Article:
DennisBeaverMay 28, 2011 (Original publish date) • By Dennis Beaver

“I have been receiving calls from an unpleasant bill collector about a department store account that is almost 4 years old. What should I say? What if I do owe the money, or might owe the money – but it has been so long, right now, I don’t really know for sure. Thanks, Susan from Santa Maria.”

Who really is calling? Can they validate the debt

Former bill collector turned author Ed Lewis (www.collectionagencysecrets.com) hears this question daily. We have known him for more than 10 years, and he always stood out as being honest, and helpful, thereby earning a high 6-figure income in the process. Lewis believes that far too many bill collectors wind up hurting themselves financially by having a lousy attitude.

“Listening and being helpful is money in a collector’s pocket because they earn a percentage of what is collected. Over time, nice is better than nasty, and it’s the same for the people we call. If we call you, being a jerk isn’t in your best interest,” he believes. We agree.

“How you handle our phone call or letter can have a tremendous influence on so many things, from the debt just going away to settling it at a fraction of what might really be owed and having it deleted from your credit report.

“But you need to protect yourself. Who really is calling you? Are they legit? You need to validate the reason they are calling. You want to be sure they can prove to you that it is your debt, and that you actually owe the money,” he cautions.

Lewis outlined the information which you need to obtain, beginning with what collectors refer to as “a full validation of the debt.”

“You have an absolute right to copies of contracts with your signature, credit card statements, any type of itemized statement of the account showing where the balance originated from. But watch out for them sending you a forward balance statement.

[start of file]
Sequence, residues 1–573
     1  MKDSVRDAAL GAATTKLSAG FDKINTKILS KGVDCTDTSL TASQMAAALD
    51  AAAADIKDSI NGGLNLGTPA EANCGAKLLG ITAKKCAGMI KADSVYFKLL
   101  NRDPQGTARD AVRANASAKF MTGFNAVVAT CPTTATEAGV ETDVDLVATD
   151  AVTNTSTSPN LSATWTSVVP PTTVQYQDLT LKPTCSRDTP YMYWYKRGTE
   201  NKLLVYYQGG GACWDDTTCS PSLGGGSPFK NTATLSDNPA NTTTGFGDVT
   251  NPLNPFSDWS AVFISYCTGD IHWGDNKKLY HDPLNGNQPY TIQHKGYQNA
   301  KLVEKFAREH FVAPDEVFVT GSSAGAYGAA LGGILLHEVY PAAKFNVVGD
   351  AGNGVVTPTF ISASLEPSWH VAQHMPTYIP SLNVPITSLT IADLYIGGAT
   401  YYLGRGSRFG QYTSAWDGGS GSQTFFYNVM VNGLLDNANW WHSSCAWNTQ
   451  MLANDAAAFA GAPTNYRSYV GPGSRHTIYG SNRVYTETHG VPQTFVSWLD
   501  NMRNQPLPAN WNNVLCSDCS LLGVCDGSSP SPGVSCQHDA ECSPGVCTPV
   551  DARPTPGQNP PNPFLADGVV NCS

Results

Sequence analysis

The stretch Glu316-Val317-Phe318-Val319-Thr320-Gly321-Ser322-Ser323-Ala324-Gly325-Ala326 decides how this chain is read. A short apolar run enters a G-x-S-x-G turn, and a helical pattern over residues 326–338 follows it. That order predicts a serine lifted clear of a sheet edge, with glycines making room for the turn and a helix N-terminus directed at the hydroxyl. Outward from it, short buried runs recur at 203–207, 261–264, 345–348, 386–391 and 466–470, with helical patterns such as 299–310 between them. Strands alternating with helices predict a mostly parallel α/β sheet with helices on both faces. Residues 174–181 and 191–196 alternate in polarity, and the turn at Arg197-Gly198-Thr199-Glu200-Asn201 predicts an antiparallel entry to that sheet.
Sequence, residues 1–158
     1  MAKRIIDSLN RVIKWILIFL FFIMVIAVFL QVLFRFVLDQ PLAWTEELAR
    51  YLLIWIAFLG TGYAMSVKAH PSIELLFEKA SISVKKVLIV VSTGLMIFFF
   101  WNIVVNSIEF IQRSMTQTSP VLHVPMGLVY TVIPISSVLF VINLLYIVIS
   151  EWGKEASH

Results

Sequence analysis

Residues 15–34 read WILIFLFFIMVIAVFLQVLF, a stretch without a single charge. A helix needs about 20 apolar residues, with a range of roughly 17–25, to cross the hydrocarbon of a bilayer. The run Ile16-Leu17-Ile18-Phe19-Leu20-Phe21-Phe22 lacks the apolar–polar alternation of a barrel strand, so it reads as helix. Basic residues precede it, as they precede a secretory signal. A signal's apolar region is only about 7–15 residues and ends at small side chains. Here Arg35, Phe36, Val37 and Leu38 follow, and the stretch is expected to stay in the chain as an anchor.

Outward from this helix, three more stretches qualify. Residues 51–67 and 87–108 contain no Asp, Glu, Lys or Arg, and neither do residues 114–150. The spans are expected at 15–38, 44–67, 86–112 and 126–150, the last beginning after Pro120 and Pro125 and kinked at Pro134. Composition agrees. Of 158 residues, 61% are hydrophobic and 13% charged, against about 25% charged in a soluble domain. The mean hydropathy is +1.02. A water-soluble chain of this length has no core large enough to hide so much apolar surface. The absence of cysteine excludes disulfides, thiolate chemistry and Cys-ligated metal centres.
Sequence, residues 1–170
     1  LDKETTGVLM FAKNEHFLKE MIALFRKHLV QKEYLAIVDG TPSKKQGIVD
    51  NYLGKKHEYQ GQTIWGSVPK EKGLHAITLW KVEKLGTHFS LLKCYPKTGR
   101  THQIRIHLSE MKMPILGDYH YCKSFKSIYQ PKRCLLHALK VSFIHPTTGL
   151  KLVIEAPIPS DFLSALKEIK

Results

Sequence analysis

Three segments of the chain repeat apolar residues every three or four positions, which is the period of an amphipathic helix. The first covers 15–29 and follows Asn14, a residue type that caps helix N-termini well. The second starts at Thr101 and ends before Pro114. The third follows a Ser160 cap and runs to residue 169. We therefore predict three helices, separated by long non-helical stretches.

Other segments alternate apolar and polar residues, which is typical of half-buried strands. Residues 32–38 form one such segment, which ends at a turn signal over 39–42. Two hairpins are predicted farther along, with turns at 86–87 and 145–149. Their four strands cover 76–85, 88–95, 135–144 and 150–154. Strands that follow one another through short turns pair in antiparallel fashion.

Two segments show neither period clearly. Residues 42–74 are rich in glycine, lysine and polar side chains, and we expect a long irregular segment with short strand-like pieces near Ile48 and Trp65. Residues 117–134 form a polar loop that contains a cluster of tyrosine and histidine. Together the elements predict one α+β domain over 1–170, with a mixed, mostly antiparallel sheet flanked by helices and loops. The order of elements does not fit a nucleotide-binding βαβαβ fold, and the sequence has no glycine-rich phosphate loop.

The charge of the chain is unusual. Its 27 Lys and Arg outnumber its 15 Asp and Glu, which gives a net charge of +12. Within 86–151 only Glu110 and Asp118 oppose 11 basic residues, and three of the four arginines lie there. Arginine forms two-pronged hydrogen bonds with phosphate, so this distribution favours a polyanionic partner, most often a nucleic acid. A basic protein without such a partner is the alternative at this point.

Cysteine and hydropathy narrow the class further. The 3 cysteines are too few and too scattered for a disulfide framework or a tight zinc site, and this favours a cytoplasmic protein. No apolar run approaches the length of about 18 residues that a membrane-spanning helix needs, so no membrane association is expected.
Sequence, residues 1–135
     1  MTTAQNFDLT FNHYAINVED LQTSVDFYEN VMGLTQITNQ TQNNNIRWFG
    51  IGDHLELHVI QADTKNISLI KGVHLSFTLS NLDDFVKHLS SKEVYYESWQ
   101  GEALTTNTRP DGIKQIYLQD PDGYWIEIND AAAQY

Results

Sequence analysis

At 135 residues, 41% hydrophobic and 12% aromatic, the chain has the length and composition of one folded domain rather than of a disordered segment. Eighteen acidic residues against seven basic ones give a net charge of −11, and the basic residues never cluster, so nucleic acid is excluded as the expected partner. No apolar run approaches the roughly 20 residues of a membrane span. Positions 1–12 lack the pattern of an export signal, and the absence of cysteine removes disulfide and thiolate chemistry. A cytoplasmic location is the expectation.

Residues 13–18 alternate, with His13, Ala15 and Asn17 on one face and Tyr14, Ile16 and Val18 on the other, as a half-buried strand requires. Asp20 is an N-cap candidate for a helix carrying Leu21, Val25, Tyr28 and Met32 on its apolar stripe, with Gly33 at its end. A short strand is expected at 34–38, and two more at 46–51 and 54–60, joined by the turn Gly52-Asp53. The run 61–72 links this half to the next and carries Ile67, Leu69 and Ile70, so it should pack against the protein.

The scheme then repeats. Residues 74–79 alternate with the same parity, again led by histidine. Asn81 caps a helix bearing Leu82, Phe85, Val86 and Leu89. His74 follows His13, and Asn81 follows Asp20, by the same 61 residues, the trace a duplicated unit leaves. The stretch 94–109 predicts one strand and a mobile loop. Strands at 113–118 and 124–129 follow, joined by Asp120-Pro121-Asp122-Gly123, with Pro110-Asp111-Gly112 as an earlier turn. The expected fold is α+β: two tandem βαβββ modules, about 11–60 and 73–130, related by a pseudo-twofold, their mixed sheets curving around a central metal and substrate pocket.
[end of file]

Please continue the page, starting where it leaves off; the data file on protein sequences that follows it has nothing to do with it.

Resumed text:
“This shows the balance due, but not where it came from or where it was obtained. This is not a clean validation – it does not validate the debt. You are entitled to a detailed statement of all charges and where they originated. Do not accept anything less.

“Always get the collector’s name, the company name, their in-house reference number for the account they claim you owe, their phone number, their address and fax number. If this is not provided, you may be dealing with some form of identify theft.”

Why you should always dispute the debt

Lewis believes that it is “absolutely critical and at all times that you tell the caller, ‘I dispute the debt.'”

“But what if you feel that something really is owed?” we asked. “Isn’t this getting into the grey area of morality?” His answer made perfect sense and was reassuring.

“When you tell the caller that the debt is disputed, they are going to ask you to explain. Do not answer. You do not have to tell them a thing. Your response should be a polite, “I will reply in writing to you. Please do not call any more, but communicate with me in writing only.

“This will impress upon the collector that you know your rights, something like the old saying, ‘Locks keep honest people honest.’ By being polite, revealing that you are an educated consumer, this greatly increases the chances that the account will be resolved in a manner which will not damage your credit. Collectors are a bit afraid of consumers who know and insist upon their rights being respected, typically treating them much better.”

After you hang up

That phone call from the collector is just the first step in what can “turn what most people consider as an unpleasant situation into something which can actually help your credit report in very important ways,” Lewis told us. “But,” he added, “once you hang up, now the ball is in your court, and you need act.

“This means either sending a fax or certified letter to the collection agency which again states that the account is disputed, that you are requesting validation of the debt, and that, under federal law, this must be accomplished within approximately 30 days of their receipt of your request.

“If they cannot either validate the debt, or accomplish this within that time frame, they must report this as a disputed account, or request its deletion from the three credit bureaus. And you want to put that language in your letter as well,” he stressed.

So, you go through all of those steps and they do indeed validate the debt. It’s yours, all right, so, now what? We’ll have your credit report clean-up answer next time.


Dennis Beaver practices law in Bakersfield and enjoys hearing from his readers. Contact Dennis Beaver.



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